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Caenorhabditis elegans NPR-1–mediated behaviors are suppressed in the presence of mucoid bacteria

Reddy, Kirthi C. and Hunter, Ryan C. and Bhatla, Nikhil and Newman, Dianne K. and Kim, Dennis H. (2011) Caenorhabditis elegans NPR-1–mediated behaviors are suppressed in the presence of mucoid bacteria. Proceedings of the National Academy of Sciences of the United States of America, 108 (31). pp. 12887-12892. ISSN 0027-8424. PMCID PMC3150904.

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Caenorhabditis elegans exhibits a diverse range of behaviors in response to bacteria. The presence of bacterial food influences C. elegans aerotaxis, aggregation, locomotion, and pathogen avoidance behaviors through the activity of the NPR-1 neuropeptide receptor. Here, we show that mucoid strains of bacteria that produce an exopolysaccharide matrix do not induce NPR-1–dependent behaviors. In the presence of mucoid strains of bacteria, the C. elegans laboratory wild-type (WT) strain N2 exhibits behaviors characteristic of wild isolates and mutants with reduced NPR-1 activity. Specifically, N2 exhibits lawn bordering and roaming behavior on mucoid nonpathogenic bacteria and loss of pathogen avoidance on mucoid Pseudomonas aeruginosa. Alginate biosynthesis by laboratory and clinical isolates of mucoid P. aeruginosa is necessary and sufficient to attenuate NPR-1–mediated behavior and it suppresses C. elegans pathogen avoidance behavior. Our data suggest that the specific interaction with nonmucoid bacteria induces NPR-1–dependent behaviors of C. elegans. These observations provide an example of how exopolysaccharide matrix biosynthesis by a community of bacteria may inhibit specific host responses to microbes.

Item Type:Article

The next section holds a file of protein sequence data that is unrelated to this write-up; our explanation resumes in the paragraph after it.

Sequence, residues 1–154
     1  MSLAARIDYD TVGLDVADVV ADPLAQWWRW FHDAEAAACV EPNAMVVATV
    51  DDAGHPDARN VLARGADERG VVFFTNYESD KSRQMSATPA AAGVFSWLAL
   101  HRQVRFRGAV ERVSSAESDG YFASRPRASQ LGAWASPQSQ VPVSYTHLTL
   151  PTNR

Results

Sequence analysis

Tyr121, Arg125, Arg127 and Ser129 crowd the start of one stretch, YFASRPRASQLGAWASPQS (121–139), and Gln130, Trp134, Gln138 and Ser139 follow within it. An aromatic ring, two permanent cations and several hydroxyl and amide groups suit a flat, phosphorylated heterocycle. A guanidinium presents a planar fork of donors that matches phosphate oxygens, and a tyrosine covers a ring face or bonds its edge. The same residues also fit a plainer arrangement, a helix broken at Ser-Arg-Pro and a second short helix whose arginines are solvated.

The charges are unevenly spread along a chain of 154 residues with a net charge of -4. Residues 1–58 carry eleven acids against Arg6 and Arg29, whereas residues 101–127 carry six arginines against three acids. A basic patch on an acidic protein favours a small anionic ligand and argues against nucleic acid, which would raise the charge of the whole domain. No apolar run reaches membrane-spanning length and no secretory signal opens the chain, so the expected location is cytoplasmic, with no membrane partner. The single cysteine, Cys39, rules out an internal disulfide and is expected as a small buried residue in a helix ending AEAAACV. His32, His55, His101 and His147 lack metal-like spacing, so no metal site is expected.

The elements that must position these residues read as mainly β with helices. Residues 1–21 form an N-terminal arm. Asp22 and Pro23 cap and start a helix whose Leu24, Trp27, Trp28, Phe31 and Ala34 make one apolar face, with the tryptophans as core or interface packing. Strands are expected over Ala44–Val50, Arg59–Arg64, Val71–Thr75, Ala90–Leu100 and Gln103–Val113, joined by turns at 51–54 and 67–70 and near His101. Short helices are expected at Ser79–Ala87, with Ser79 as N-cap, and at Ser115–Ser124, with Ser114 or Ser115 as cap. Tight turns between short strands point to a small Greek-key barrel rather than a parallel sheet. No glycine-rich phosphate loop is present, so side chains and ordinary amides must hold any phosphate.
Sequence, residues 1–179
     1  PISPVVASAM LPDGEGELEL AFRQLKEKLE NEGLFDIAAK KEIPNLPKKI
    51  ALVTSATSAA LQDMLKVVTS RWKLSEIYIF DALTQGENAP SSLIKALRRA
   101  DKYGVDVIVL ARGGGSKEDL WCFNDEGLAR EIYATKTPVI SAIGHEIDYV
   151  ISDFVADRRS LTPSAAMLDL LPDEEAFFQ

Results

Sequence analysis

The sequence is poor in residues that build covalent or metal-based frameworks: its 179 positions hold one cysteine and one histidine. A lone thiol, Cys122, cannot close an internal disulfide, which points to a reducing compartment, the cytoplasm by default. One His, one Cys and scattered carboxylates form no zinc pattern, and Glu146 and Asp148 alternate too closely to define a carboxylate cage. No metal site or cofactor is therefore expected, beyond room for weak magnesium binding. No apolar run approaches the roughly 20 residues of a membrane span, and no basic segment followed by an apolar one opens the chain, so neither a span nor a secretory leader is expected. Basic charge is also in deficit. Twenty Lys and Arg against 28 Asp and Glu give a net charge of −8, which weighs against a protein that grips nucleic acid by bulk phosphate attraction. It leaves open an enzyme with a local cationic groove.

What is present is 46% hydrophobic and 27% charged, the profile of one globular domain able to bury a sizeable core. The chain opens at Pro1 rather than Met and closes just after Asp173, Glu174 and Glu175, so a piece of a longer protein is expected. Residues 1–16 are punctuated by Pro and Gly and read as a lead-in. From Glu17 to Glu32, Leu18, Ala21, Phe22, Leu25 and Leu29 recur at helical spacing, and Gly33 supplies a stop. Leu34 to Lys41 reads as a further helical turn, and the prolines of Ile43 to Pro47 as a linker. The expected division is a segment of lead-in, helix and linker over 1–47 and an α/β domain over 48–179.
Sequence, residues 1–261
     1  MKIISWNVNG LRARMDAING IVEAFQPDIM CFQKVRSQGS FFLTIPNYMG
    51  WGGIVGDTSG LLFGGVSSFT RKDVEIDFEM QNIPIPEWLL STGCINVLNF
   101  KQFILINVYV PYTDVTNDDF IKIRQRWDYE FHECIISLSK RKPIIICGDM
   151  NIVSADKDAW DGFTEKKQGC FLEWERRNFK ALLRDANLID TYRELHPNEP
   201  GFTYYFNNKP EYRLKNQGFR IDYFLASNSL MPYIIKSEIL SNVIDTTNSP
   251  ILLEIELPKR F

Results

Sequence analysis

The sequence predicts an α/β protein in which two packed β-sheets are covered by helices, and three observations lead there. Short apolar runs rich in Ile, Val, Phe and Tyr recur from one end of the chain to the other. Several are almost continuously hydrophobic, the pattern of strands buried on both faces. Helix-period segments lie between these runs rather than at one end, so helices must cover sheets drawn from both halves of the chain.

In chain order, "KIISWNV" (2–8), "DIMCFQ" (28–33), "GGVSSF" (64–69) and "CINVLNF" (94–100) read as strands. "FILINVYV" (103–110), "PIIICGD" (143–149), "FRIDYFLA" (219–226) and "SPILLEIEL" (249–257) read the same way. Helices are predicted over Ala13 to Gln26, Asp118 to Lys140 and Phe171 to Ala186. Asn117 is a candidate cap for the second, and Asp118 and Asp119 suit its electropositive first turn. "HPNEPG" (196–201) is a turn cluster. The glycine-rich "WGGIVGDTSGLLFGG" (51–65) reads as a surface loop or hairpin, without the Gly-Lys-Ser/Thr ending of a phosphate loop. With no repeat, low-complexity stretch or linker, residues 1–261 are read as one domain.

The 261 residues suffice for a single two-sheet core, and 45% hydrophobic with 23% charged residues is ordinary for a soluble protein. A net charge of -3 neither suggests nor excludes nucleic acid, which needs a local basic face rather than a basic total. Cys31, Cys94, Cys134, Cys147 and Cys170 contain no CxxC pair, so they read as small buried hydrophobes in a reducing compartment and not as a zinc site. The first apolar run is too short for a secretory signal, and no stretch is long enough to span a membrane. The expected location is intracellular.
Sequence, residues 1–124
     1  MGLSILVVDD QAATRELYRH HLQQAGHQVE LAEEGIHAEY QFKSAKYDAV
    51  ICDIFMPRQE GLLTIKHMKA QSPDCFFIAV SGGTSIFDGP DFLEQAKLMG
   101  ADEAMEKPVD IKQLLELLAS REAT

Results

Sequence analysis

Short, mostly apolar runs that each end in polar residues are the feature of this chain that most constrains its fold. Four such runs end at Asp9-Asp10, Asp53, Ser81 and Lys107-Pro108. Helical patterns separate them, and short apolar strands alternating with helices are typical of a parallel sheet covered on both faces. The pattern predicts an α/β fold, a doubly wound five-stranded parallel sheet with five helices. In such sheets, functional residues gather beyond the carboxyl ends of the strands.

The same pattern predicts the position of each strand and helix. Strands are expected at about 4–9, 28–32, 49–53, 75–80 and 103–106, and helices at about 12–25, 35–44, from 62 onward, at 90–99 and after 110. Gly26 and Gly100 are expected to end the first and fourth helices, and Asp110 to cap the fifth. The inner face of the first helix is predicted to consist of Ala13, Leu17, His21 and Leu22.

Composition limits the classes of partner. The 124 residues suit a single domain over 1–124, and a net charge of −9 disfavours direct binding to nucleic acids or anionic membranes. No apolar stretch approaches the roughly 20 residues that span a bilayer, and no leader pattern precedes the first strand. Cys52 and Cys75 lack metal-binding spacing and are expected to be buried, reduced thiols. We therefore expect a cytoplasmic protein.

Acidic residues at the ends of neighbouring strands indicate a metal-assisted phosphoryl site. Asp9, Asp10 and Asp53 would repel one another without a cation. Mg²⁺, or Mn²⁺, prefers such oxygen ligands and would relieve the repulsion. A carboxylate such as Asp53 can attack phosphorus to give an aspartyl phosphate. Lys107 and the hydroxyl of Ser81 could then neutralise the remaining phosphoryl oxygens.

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URLURL TypeDescription DOIArticle CentralArticle
Hunter, Ryan C.0000-0003-3841-1676
Newman, Dianne K.0000-0003-1647-1918
Additional Information:© 2011 National Academy of Sciences. Edited by Frederick M. Ausubel, Harvard Medical School and Massachusetts General Hospital, Boston, MA, and approved June 30, 2011 (received for review May 23, 2011). Published online before print July 18, 2011. We thank F. Ausubel and G. Walker for bacterial strains, and C. Bargmann for C. elegans strains. C. elegans strains were also provided by the Caenorhabditis Genetics Center, which is supported by the National Institutes of Health (NIH). K.C.R. was supported by Postdoctoral Fellowships from the Jane Coffin Childs Cancer Research Foundation and the Charles A. King Trust Foundation. R.C.H. was supported by a Canadian Cystic Fibrosis Foundation Postdoctoral Fellowship. N.B. was supported by a National Science Foundation Graduate Research Fellowship. D.K.N. is an Investigator of the Howard Hughes Medical Insitute. This work was supported by NIH GM084477, a Burroughs Wellcome Fund Career Award in the Biomedical Sciences, and a Swanson Career Development Award (Massachusetts Institute of Technology) (to D.H.K.). Author contributions: K.C.R. and D.H.K. designed research; K.C.R. and R.C.H. performed research; R.C.H., N.B., and D.K.N. contributed new reagents/analytic tools; K.C.R., R.C.H., N.B., D.K.N., and D.H.K. analyzed data; and K.C.R. and D.H.K. wrote the paper.
Funding AgencyGrant Number
Jane Coffin Childs Cancer Research FoundationUNSPECIFIED
Charles A. King Trust FoundationUNSPECIFIED
Canadian Cystic Fibrosis FoundationUNSPECIFIED
Massachusetts Institute of Technology Swanson Career Development AwardUNSPECIFIED
Issue or Number:31
PubMed Central ID:PMC3150904
Record Number:CaltechAUTHORS:20110822-094630738
Persistent URL:
Usage Policy:No commercial reproduction, distribution, display or performance rights in this work are provided.
ID Code:24969
Deposited By: Tony Diaz
Deposited On:23 Aug 2011 16:07
Last Modified:09 Mar 2020 13:18

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